That was one of the takeaways from last night’s FailChat, a gathering of entrepreneurs and investors, held at the pariSoma loft in San Francisco.
The idea behind the event is that many companies today don’t get funded. Considering that, how does a small startup survive tough competition, company growth, and unpredictable markets with virtually zero capital? So says Cass Phillipps, executive produce of Webwallflower Events, which has organized four FailChat meetings this year and also is putting together FailCon in October.
Among those speaking on the panel last night (pictured here) were Lyn Williams, founder of Mysoiree.net; Pat Diven, founder of AddtoAny; Christine Herron, principal at First Round Capital; and Gregarious Narain, currently at Klout.com and co-founder of LilGrams.com.
The panelists mostly swapped stories about what they learned from launching startups and answered questions from the audience about alternative sources of funding and other tips they should know. Herron, for example, advised burgeoning entrepreneurs to not use a gmail account for business-related communications. “Buy a domain for your company,” she said. “Be serious about your startup.”
One of the funniest exchanges, though, was when an entrepreneur mentioned how he didn’t want to give up control to a VC. Herron, who’s been with First Round since 2008, following a stint at Omidyar Network, spoke up and asked, in defense of VCs: “Why are founders worried about losing control? What do you think people will make you do?”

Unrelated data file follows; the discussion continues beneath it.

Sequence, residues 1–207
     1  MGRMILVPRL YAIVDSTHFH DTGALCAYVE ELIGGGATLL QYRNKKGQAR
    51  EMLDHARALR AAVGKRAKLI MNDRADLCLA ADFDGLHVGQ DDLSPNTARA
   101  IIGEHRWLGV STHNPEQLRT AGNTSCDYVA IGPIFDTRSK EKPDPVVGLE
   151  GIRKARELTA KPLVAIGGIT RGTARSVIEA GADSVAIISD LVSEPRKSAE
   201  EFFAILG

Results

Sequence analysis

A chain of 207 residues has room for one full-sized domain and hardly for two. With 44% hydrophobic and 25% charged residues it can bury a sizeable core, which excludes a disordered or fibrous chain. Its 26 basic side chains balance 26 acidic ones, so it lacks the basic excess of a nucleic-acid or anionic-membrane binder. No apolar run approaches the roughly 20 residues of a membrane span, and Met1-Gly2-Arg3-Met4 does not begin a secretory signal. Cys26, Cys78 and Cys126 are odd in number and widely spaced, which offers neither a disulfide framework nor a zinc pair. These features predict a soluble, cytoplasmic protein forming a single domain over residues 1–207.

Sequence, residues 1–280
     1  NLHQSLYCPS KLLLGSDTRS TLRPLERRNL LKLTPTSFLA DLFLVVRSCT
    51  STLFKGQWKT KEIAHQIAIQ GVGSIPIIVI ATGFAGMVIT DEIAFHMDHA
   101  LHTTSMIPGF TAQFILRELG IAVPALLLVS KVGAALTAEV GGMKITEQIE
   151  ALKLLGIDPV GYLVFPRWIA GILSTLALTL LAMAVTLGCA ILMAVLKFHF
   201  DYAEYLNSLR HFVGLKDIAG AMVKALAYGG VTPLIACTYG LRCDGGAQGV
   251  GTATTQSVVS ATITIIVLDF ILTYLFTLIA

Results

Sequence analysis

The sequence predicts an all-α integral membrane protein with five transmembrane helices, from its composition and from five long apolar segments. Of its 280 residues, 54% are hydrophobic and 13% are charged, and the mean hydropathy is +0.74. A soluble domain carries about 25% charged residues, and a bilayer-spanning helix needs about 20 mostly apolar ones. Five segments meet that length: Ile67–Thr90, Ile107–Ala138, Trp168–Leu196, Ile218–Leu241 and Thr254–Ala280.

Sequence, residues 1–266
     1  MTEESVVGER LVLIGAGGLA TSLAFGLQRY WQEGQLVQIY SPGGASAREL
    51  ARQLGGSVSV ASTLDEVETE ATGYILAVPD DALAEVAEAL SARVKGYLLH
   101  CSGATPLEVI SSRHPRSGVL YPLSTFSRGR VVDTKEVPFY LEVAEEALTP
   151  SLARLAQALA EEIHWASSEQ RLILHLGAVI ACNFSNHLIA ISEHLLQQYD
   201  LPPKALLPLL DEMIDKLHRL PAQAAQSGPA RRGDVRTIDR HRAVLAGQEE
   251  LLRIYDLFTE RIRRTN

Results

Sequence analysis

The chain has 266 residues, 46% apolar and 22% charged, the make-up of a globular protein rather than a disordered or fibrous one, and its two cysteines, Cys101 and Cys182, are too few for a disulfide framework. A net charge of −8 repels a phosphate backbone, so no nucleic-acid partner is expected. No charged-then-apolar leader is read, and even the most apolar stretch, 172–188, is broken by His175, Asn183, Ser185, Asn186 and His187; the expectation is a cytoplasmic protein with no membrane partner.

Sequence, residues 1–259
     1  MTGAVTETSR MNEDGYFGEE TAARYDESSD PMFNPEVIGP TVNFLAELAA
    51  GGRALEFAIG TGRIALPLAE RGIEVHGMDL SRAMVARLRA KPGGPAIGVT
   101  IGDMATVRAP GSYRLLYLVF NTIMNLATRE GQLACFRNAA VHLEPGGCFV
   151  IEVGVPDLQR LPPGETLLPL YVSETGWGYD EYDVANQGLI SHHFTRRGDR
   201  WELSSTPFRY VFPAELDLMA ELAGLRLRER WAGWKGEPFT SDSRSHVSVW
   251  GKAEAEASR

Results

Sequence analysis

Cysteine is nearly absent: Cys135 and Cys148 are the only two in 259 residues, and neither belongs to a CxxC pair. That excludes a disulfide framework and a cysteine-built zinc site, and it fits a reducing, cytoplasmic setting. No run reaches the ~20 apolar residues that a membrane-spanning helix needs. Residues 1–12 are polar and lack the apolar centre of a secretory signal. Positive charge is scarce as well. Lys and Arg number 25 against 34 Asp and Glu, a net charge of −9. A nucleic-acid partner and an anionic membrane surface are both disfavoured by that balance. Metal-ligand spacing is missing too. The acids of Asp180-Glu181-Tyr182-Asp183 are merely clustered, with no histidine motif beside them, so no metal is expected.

To be fair, the event wasn’t entirely anti-VC. Among those who I met last night was Brian Zisk, strategic advisor for Collecta, which monitors Twitter and the update streams from blogs and social networking sites. The company recently raised $4.7 million in capital from True Ventures and Dace Ventures. Zisk was complimentary of his VC partners–his board of directors includes Dave Andonian of Dace and Jon Callaghan from True, while Jon Chait of Dace is a board advisor. Zisk said he was thankful for their advice and the growth their funding has helped sustained.
Also at the FailChat event was MogoTix, a two-person startup that handled the ticketing logistics for the event. The San Francisco-based company offers paperless ticketing over mobile phones. CEO and co-founder Scott Thorpe said the company has raised $115,000 in seed funding from angels, including, among others, DaveMcClure and his 500 Startups fund. MogoTix is one of the first startups, in fact, to raise money from McClure, who is in the midst of raising $30 million for what he calls “a micro-venture fund.”
“Startups like us don’t need a lot of funding,” Thorpe said. “We are able to do so much with that little amount of cash, since it’s just the two co-founders.”